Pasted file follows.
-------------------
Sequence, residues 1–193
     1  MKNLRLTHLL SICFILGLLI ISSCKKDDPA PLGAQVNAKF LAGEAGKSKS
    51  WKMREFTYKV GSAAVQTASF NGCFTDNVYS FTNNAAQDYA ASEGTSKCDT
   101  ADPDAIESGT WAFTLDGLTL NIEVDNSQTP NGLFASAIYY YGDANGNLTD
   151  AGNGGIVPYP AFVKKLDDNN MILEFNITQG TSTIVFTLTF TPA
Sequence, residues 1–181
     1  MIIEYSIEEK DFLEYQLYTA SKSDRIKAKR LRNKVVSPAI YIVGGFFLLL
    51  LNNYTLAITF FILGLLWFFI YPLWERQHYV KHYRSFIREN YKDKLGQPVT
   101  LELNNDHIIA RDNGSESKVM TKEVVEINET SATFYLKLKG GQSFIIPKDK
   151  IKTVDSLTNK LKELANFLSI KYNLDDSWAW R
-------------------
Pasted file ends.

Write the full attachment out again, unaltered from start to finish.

Sequence, residues 1–193
     1  MKNLRLTHLL SICFILGLLI ISSCKKDDPA PLGAQVNAKF LAGEAGKSKS
    51  WKMREFTYKV GSAAVQTASF NGCFTDNVYS FTNNAAQDYA ASEGTSKCDT
   101  ADPDAIESGT WAFTLDGLTL NIEVDNSQTP NGLFASAIYY YGDANGNLTD
   151  AGNGGIVPYP AFVKKLDDNN MILEFNITQG TSTIVFTLTF TPA
Sequence, residues 1–181
     1  MIIEYSIEEK DFLEYQLYTA SKSDRIKAKR LRNKVVSPAI YIVGGFFLLL
    51  LNNYTLAITF FILGLLWFFI YPLWERQHYV KHYRSFIREN YKDKLGQPVT
   101  LELNNDHIIA RDNGSESKVM TKEVVEINET SATFYLKLKG GQSFIIPKDK
   151  IKTVDSLTNK LKELANFLSI KYNLDDSWAW R